Spelunking in Sagada and Rice Terraces in Batad
Trip Start Mar 21, 2006
55Trip End Oct 05, 2008
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This last week of traveling with Heidi has been one of the highlights of our trip and one of the most physically active portions as well! On Sunday we loaded a bus leaving Baguio at 1pm and headed to Sagada, Mountain Province. Sagada is a beautiful little mountain town about 7 hours north of where I live and is known for their caves and beautiful hand woven products. Being that the Philippines is a Catholic county and that this week is Holy Week I was worried about our destinations being packed with people, but surprisingly it has not seemed that packed and we have continued to enjoy our one on one time!
One of the benefits of being a PCV is that there are fellow PCV spread all over the country so one, you have a free tour guide and two, a free place to stay
That evening Heidi was nice enough to cook for myself and five other PCV's. Stan our host kept saying what a treat it was to have a home cooked meal, and indeed it was especially, Heidi's wonderful cooking. We walked up to the small but well equipped public market in town and Heidi was inspired! She made gazpacho (cold Spanish tomato soup), coleslaw, jicama salad, and mongo beans with fresh local zucchini. Everything was delicious and we all enjoyed the treat of a good home-cooked meal! That night Heidi finally experienced the thrill of the most popular Filipino past time, Videokee!!! Dan a PCV from last years batch who works and lives in Sagada lead us to a small little place, on the outskirts of town being that Sagada has a 9 pm curfew. The place was set underground and surrounded by rocks and when we entered there was a bunch of locals signing already. The rule of videokee here is that no matter how bad you might sing you never boo someone and surprisingly enough the entire room gets into the songs and creates a choir of backup singers
On Wednesday morning we departed Sagada and headed out on a 3 hour bus ride southeast to the famous town of Banaue. Banaue is located in Ifugao Province on of the poorest in country, but is also home to the 8th Wonder of the World, 2000 year-old rice terraces. Prior to coming to Banaue I had heard form many locals that Banaue is over run by tourist and has lost its charm. When we arrived in the afternoon and got settled in out hotel right in the town center Heidi and I both commented that the terraces did not seem that great. We both had been expecting a view that would literally take our breath away.... patience was all we needed because once we left Banaue and headed to Batad Village further north of Banaue we were amazed!
Yesterday morning we took an 8:30 am bumping hour-long trike ride up the mountain side to the Batad Junction. We thanked our red toothed trike driver Jun-Jun, and headed out on our 2 1/2 hour hike up and down to Batad Village. (Side note: Almost every man you see in Ifugao has read teeth from chewing Moma. Moma is a local nut of sorts that they combine with lie a slightly tobacco ridden white powder and chew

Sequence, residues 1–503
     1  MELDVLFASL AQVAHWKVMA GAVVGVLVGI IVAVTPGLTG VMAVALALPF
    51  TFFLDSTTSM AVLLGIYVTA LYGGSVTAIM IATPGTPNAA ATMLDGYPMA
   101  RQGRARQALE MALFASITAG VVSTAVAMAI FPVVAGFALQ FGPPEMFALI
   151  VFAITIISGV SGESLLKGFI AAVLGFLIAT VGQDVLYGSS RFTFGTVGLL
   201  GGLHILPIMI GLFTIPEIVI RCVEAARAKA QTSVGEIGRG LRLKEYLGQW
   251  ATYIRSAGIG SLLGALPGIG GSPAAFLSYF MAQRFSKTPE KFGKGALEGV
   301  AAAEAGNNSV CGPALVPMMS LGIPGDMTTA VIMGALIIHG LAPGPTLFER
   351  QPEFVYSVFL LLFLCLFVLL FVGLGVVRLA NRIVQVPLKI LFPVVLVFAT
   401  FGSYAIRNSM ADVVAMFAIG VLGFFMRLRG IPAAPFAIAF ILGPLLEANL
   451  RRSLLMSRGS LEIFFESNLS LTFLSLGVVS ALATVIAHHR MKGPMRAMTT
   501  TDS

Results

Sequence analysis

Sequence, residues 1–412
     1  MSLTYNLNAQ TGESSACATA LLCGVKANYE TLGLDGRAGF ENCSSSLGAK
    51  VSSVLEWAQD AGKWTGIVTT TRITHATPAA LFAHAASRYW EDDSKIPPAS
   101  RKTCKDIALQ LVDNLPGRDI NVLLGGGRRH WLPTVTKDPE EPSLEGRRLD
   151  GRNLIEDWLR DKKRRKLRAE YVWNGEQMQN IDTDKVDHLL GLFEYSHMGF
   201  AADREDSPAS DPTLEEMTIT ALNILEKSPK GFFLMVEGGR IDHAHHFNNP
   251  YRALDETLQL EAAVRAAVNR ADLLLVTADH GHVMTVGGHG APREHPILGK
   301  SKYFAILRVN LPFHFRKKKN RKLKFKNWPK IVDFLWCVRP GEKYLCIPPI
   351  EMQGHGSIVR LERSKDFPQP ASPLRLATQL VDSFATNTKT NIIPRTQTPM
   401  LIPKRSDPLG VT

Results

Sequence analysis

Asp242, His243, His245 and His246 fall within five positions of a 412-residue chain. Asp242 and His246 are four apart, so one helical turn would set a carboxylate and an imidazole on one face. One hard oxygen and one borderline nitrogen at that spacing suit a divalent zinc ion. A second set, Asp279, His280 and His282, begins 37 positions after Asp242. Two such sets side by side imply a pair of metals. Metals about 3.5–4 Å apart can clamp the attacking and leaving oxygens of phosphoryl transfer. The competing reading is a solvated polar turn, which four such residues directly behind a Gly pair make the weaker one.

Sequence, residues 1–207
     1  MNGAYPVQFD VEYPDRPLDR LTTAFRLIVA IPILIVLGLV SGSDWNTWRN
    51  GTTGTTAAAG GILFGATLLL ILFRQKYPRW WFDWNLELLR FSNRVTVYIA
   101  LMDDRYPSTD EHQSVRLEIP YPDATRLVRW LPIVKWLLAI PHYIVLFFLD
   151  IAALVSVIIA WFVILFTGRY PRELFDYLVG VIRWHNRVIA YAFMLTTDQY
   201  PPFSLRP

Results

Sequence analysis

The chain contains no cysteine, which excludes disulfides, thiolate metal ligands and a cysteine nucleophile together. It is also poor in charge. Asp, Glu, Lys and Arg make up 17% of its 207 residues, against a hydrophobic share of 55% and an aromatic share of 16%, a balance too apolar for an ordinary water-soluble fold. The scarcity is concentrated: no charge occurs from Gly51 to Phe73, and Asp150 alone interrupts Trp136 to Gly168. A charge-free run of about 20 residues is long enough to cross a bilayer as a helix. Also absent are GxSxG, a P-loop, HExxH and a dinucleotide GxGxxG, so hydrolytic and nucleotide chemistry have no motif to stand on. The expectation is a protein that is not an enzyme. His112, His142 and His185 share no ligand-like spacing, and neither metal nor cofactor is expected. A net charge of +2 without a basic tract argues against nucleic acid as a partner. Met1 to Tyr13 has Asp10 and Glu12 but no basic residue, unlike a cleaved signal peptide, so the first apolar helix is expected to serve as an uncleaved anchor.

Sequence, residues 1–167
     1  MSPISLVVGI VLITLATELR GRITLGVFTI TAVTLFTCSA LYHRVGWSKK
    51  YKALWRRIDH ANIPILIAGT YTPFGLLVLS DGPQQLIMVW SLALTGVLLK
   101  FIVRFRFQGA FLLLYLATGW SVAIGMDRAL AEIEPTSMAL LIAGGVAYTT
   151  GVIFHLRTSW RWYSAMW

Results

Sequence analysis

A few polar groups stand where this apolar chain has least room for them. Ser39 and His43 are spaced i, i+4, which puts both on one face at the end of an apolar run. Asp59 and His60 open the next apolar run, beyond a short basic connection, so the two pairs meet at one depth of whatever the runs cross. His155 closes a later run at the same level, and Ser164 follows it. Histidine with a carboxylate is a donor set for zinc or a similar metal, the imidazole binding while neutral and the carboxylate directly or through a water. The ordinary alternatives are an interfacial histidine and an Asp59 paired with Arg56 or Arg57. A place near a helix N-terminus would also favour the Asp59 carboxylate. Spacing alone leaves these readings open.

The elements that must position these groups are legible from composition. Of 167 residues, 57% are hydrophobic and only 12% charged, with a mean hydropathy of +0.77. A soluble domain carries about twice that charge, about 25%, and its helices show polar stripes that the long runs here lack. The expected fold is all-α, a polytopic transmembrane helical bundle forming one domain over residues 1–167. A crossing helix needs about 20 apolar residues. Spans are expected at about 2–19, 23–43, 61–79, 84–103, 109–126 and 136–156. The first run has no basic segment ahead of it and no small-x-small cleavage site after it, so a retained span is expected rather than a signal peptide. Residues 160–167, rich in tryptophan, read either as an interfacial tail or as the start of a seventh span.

While the hike to Batad was indeed a grinder it was well worth the fresh air, views of terraces, mountains all around and the sounds of the birds along the path. There were many a tour group passing us on our hike there headed further up to the Batad Saddle, and we felt a little smug waving the jeepneys by and hiking the entire way. Once we reached the saddle I was instantly approached by a nice looking older gentleman who asked to be our guide. I immediately began speaking to him in Ilocano and assured him we did not need one but thanked him very much. He was quite surprised to hear a white person speaking his language and once I did he seemed less interested in being our guide and more interested in why I could speak Ilocano. The language has been a very fun part of this trip with Heidi. As many of you know she has always been the world traveler and linguist of the family and while many Filipino's do speak English, it has been fun to be able to use the little Ilocano I have learned and I think Heidi has enjoyed watching my interchanges with the locals in their language. People receive you very differently when you can communicate with them in their language and it helps separate me from the "Average Joe" tourist that is just passing through.
Our long hike was worth the effort once we caught a view of the incredible rice terraces in Batad
Another highlight of Batad was our interactions with the local people. Both times we walked amongst the terraces we walked through the village, filled with a combination of native Ifugao Huts and the more "modern" GI sheet (steel roofed and sided) homes. While the GI sheet roofing is much more practical then the grass roofed huts it was incredible to see these simple structures serving as a home to so many people. The cooking in the native huts is all done outside so as we walked along we saw, men, women and even small children preparing their meals with simple pots and sticks of wood burning underneath
Sadly we had to leave Batad this morning and are now back in Banaue where we will spend the night and catch the 7 am bus to Baguio City tomorrow. As I have said before this time with Heidi just keeps getting better and better and it will be sad to see her go on Wednesday at the airport in Manila! I feel very fortunate to have a sister that will put her life on hold in the states and take a month to come explore my second home in the Philippines! This is indeed a very special country and I feel so blessed to be getting to know its people, culture and traditions! The humble village of Batad and its rice terraces will remain a highlight and at the top of my list of destinations here in the Philippines!
Sending love, peace and hugs to all!